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MARY CUSTY & EOIN O'NEIL - The Ways Of The World CMCD065

If these recordings are at all indicative of the quality of music on offer in the village of Doolin in County Clare Ireland, where Mary and Eoin hail from, then I need to get there fast. That Mary and Eoin are extremely skilled on the fiddle and bouzouki, respectively, is apparent from the moment you start to listen. Mix their evident skills with those of people, such as Davy Spillane, Sharon Shannon, Kevin Griffen and Miko Russel the result is every bit as good as you would expect.

"With a lot of help from their Friends" is the debut album from Mary and Eoin, which oozes with class - playing and arrangements. Mary's fiddle playing is the outstanding feature as she plays with an evident passion and feel for the music. This is not to decry Eoin's bouzouki playing, which is every bit as classy, but is usually employed as backup to the fiddle lead.

Two driving reels kick off "With a lot of help" followed by a jig set in which Terry Bighams concertina initially takes the lead before being joined by Mary in a twin attack. The march and barn dances which are next are played with spirit and vigour highlighting Marys fiddle technique. Sharon Shannon helps out on the "Eileen Ni Riordains" set which could easily have come from sharon's own solo album, on which Mary and Eoin featured.

After the "Across the Divide" set with Ian Lamb, providing restrained guitar accompaniment, comes the "Kevin Griffin" set where the bouzouki moves to the fore as Kevin himself lends a hand - a foot tapping set.

Miko Russels' whistle takes the lead on the jigs "The Yellow Wattle" and "The Pipers Chair" with Mary and Eoin blending effortlessly around it.

The penultimate set rescues a tune I had long since written off after countless renditions by Moira Stewart, Kenneth McKellar and Co., "The Road to the Isles" is played with gusto and a liveliness which revitalised the tune for me. Two easy waltzes round off the recording.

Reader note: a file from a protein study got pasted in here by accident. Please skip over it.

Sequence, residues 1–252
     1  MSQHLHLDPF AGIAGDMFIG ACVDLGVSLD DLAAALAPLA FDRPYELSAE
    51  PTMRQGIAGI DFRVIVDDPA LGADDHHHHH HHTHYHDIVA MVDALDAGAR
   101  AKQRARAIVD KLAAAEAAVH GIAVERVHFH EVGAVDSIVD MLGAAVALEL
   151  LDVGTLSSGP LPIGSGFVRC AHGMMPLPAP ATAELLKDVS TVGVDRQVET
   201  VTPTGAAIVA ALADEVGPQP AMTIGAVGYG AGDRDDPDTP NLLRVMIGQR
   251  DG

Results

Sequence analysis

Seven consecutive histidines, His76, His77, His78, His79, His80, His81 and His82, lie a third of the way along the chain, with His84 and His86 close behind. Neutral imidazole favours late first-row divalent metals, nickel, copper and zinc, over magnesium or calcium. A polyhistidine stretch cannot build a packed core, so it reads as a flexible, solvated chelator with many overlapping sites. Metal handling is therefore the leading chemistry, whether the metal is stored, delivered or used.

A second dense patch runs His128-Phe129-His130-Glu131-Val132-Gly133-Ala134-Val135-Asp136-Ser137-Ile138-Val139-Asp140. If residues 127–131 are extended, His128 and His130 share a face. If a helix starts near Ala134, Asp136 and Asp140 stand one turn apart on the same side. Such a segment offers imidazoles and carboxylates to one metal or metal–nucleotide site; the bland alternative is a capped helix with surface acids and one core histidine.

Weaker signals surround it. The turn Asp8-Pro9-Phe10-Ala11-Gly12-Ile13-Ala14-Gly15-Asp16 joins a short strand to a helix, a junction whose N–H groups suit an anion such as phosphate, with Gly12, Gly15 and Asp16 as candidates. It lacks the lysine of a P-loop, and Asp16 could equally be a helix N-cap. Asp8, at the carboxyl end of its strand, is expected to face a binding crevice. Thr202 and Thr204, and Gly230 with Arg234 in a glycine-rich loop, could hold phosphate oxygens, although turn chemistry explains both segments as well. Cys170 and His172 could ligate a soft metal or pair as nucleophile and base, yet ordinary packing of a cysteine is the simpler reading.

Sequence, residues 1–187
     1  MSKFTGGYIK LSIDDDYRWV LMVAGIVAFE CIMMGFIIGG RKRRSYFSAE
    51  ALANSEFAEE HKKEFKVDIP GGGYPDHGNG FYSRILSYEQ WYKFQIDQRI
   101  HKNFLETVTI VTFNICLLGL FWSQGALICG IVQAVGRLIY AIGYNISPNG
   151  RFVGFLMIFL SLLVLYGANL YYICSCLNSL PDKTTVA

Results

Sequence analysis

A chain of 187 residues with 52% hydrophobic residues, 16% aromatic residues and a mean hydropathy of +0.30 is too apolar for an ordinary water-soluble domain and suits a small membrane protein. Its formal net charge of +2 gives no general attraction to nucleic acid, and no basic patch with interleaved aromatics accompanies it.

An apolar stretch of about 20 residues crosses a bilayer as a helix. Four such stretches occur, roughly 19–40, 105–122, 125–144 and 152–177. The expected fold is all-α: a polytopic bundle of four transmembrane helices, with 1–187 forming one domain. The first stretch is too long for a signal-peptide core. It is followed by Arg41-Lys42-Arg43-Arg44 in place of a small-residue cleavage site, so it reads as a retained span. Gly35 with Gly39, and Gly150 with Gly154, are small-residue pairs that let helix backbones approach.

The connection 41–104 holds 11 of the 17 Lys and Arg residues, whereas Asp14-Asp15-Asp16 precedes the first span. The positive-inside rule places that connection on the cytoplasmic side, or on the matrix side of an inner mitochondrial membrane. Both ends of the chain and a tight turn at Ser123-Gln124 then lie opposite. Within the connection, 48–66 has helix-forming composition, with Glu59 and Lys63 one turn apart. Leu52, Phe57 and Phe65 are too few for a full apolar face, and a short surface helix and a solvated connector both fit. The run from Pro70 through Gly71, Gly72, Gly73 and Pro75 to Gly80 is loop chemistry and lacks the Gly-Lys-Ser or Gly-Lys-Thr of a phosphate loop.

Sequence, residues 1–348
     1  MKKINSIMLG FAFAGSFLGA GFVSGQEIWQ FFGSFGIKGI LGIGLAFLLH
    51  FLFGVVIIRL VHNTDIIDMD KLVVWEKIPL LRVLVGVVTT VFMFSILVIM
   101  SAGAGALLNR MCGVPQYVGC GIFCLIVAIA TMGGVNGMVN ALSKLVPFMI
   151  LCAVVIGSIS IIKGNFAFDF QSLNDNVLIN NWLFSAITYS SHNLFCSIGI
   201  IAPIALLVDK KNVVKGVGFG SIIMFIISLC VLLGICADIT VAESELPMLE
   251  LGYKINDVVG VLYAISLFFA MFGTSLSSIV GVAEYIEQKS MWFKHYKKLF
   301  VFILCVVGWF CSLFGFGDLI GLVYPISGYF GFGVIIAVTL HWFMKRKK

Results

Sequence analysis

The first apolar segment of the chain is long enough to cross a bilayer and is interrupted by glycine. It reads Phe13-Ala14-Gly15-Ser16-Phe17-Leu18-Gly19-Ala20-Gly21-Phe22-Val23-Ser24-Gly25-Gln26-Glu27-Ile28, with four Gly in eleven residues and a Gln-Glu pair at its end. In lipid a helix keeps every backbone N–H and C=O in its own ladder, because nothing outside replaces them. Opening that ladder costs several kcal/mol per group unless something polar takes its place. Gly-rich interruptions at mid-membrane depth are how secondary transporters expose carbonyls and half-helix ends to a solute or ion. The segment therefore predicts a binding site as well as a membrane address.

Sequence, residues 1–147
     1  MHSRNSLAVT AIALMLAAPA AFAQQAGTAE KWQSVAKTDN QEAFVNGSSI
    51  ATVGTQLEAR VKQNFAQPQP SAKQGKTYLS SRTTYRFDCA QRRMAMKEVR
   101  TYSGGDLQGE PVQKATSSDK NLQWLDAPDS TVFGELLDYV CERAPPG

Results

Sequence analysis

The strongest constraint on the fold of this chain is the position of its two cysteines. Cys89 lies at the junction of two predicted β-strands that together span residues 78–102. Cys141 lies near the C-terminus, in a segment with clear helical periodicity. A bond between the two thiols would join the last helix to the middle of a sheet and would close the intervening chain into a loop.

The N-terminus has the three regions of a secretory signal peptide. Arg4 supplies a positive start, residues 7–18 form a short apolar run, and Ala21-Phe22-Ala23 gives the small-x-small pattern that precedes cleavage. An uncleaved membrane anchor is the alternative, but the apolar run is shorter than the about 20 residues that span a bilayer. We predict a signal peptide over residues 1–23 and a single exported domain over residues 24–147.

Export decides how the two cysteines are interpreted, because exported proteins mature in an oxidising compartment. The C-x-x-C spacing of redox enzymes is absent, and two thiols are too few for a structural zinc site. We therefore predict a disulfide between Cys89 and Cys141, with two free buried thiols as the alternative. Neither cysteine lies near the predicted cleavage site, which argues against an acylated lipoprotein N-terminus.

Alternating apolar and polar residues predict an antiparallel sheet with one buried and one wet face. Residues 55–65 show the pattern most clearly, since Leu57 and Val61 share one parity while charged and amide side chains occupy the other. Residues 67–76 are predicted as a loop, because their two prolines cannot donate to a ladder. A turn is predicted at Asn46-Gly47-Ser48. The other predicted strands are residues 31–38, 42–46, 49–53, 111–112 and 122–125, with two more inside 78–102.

So far so good. A recording well worth your money.

Expectations are therefore high for their second C.D. "Ways of the World". Immediately it is clear that this album is not just more of the same. The opening track "Frosty Morning" sees the introduction of the saxophone, electric guitar, and drums. Mary's fiddle is still the driving force, but tempered with a jazzy feel. The album returns to more familiar ground with the title track and Kevin Griffin on guitar. Michael Bonamy on saxophone makes another appearance in the "Winnie Hayes" set providing an intricate backing. Then Tommy Hayes guests on the "Dermot Byrnes" set playing the African drums to great effect.

Unfortunately the next four sets are the weakest on the two albums. They almost seem to merge into one, although well enough played the usual spark seems to be missing.

I retune into the C.D. when the "Ethopian Bar Sleaze" starts - a track so out of character for both C.D.s I cannot decide if I like as it sounds so "sleazy" or because it is so different from everything else. The penultimate set of straight reels sees Mary, Eoin and Kevin bang on form. The "Uke Pick Waltz" is hauntingly familiar, with a solo on the piano from Mary.

To conclude - one cracking C.D. "With a Lot of Help from their Friends" and another C.D. "The Ways of the World" with a good start, a so-so middle and a good ending.

Chris MacKenzie

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This album was reviewed in Issue 5 of The Living Tradition magazine.